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Vintage Lobby Cards 
...discovering old movies one poster at a time

Peruse the hundreds, maybe even thousands whenever I get around to it, of examples of Vintage Movie Lobby Cards spanning the era of silent films to modern slasher flicks, classics, movie monsters, and even foreign posters for favorite films - definitely something for everyone.   

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Entries in Josephine Hull (1)


Harvey (1950)

Harvey (1950) is one of the first old movies I remember seeing... along with Sound of Music and Million Dollar Mermaid.  I had seen it one Friday night when my parents were out and the babysitter let me stay up to watch Classic movie Night on our local station. I thought it was awesome and I thought Jimmy Stewart was the coolest. Kids always think it's awesome when adults act childish and get away with it.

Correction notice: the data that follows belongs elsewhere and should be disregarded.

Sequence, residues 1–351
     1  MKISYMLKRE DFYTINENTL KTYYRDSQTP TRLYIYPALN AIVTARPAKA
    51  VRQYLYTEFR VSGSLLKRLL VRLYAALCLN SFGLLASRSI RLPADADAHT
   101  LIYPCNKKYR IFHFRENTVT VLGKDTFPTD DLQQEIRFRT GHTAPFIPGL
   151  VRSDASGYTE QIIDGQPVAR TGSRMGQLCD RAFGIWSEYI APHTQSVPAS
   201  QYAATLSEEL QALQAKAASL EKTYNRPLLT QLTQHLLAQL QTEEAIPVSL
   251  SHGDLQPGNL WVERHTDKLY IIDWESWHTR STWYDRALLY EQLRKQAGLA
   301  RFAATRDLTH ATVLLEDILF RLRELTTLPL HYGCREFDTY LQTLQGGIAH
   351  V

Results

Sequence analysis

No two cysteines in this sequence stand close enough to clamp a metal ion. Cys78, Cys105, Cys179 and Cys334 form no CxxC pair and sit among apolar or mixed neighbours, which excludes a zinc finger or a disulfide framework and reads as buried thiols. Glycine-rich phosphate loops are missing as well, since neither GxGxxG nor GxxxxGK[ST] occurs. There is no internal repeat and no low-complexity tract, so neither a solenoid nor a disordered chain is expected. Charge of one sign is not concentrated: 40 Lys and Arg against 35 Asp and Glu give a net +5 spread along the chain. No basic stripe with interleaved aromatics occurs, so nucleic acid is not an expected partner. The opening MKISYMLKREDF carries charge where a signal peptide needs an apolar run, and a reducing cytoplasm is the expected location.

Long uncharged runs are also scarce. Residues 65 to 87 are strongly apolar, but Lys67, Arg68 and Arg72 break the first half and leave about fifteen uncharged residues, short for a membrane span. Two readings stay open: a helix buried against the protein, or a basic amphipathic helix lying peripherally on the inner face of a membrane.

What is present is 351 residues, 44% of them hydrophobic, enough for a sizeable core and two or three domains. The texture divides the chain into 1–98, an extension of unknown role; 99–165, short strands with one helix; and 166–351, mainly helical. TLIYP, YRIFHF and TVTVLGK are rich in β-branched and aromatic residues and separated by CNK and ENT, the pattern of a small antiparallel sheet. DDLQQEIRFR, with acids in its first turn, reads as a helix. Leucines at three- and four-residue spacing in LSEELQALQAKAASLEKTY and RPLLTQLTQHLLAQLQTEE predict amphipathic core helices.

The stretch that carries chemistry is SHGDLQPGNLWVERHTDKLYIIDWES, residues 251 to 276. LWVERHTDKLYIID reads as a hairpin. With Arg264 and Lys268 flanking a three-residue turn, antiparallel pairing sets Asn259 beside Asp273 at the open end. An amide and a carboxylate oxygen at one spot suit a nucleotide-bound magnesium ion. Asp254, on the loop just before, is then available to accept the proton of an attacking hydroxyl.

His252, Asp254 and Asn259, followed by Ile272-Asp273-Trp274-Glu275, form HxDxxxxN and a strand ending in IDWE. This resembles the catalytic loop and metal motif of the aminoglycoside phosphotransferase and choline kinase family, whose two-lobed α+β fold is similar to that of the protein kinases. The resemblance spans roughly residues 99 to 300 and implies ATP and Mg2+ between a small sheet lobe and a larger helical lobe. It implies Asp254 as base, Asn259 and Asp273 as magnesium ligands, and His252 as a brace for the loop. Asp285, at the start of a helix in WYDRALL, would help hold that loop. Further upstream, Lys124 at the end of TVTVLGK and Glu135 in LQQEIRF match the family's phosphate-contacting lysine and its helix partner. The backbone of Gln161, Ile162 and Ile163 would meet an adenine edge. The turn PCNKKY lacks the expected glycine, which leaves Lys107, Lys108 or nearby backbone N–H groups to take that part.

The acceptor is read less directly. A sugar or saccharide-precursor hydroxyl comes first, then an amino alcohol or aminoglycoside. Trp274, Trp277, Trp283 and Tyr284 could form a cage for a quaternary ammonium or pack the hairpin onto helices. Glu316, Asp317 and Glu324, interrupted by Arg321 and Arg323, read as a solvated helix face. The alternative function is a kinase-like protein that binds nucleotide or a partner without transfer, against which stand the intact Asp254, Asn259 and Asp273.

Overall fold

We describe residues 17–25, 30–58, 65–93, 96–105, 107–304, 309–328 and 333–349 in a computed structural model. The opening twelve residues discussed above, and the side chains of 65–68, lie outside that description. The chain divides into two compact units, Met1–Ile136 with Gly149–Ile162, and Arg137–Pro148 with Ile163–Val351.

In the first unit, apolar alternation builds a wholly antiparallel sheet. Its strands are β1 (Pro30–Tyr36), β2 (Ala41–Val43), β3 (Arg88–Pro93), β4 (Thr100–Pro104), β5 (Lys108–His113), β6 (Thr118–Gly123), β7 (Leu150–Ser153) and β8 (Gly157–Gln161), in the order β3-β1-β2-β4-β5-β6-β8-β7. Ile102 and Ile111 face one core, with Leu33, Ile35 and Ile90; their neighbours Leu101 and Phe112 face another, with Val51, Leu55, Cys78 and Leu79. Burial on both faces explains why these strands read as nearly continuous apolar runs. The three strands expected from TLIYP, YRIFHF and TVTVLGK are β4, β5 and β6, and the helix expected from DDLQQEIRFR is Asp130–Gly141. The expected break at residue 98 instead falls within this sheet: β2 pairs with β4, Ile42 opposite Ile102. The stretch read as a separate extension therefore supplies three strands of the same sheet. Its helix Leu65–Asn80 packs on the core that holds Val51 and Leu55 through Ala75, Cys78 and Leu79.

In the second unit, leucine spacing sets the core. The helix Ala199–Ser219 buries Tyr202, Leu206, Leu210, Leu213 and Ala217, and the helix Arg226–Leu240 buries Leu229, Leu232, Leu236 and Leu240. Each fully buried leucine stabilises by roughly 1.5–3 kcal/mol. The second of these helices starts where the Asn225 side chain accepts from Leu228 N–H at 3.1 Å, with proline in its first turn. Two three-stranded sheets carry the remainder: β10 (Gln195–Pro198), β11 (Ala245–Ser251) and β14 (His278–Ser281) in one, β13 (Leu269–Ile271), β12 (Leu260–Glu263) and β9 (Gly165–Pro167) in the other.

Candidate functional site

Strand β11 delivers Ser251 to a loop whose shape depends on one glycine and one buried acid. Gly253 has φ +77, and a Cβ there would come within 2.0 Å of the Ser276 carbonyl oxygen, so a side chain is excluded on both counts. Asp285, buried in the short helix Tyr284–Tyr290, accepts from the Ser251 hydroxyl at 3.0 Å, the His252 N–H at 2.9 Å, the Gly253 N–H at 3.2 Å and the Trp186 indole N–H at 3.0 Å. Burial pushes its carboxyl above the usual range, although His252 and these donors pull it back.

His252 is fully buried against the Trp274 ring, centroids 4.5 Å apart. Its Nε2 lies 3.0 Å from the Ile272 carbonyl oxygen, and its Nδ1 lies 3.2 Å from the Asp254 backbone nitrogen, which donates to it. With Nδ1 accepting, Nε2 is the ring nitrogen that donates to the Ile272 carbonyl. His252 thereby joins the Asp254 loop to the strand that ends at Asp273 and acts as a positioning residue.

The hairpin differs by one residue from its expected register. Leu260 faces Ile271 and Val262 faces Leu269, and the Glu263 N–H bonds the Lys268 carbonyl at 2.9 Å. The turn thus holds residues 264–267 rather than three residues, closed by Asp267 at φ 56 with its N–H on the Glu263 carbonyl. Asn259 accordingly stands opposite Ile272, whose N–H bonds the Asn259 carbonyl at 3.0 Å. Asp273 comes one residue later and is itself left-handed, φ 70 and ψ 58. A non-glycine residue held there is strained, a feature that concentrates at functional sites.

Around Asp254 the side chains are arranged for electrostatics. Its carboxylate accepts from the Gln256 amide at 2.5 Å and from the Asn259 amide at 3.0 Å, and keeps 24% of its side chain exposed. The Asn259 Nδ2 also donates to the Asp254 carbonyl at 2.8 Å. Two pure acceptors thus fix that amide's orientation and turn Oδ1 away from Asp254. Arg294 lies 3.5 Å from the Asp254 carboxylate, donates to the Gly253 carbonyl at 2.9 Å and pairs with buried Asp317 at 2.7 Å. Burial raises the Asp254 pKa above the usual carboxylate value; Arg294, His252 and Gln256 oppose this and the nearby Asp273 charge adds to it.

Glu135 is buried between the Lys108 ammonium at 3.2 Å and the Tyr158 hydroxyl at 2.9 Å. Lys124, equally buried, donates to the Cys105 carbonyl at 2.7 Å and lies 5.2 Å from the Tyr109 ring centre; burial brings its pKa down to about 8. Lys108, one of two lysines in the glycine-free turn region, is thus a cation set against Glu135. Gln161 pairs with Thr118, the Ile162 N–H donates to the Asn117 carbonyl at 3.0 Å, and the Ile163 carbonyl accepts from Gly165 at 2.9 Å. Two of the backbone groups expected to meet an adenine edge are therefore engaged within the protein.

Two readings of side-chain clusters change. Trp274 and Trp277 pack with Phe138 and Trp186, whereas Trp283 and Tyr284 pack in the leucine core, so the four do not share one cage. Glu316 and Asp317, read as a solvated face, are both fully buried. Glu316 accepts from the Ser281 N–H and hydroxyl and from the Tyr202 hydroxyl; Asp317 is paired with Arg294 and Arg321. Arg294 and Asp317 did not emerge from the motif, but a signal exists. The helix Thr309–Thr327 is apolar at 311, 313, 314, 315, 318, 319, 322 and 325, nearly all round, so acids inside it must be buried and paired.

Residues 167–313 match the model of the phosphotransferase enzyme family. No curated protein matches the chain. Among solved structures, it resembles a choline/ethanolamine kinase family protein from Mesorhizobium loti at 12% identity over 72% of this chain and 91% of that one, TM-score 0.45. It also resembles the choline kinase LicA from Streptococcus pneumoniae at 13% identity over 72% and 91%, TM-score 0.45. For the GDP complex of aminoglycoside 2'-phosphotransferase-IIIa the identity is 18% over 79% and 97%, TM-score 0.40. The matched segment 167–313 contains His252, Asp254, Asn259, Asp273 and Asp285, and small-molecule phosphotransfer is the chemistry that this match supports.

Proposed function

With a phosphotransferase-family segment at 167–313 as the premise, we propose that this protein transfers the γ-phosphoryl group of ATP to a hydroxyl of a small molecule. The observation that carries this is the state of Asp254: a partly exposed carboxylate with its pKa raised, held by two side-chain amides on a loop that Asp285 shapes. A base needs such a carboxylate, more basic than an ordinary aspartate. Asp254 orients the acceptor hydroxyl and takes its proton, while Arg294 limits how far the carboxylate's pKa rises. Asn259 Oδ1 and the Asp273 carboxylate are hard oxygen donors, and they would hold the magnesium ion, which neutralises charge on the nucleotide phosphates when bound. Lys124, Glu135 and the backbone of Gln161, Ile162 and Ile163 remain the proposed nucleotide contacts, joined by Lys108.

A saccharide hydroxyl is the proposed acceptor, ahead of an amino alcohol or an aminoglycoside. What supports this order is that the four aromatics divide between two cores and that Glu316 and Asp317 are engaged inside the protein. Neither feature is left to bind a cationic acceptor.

Anyhoo... my mom had seen the Mary Chase play at a regional theater in Little Rock when she was a kid, and she had the playbill tucked in an old scrapbook. Of course, in my fantastic eight year old imagination, my mom had seen the play on Broadway (you know Broadway is in Little Rock, right?) and eternally affable Jimmy Stewart was playing the lead. How would I have known any differently back in the days before cable television and the internet? I mean... the library was more than a bike ride away...

Harvey is the story is about a man whose best friend is a pooka named Harvey—in the form of a six-foot, three-and-one-half-inch tall invisible rabbit. Sound familiar? You may know the remake-of-sorts Donnie Darko. The Jake Gyllenhaal movie is definitely darker than it's original inspiration - the lighthearted farcical fare served up by Stewart, Josephine Hull, Peggy Dow and Charles Drake. Not only is this a funny fable, it's got a touching, melancholy core beautifully embodied by the Oscar-nominated Stewart. A must see for any child at heart.

Below is a short narration of Jimmy Stewart discussing his recollections on the film (and play) that was featured on the 1990 VHS release of the film. The video showcases stills from the film while Stewart waxes poetic on the lasting legacy of this charming film.

Learn more about the movie at imdbBuy the movie at Amazon